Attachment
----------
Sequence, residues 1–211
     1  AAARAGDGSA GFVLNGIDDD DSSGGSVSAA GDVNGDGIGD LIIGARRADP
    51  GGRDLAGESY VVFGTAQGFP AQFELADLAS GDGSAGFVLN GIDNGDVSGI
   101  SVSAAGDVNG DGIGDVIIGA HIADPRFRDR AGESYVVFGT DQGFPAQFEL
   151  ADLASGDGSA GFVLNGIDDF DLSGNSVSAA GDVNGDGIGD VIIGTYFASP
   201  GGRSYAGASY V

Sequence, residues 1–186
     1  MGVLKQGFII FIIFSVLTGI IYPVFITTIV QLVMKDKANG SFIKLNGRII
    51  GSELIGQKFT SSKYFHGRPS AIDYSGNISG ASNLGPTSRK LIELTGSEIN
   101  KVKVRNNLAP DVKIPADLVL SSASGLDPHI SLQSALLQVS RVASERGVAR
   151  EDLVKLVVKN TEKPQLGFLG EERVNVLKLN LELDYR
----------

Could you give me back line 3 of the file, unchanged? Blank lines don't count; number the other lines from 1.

    51  GGRDLAGESY VVFGTAQGFP AQFELADLAS GDGSAGFVLN GIDNGDVSGI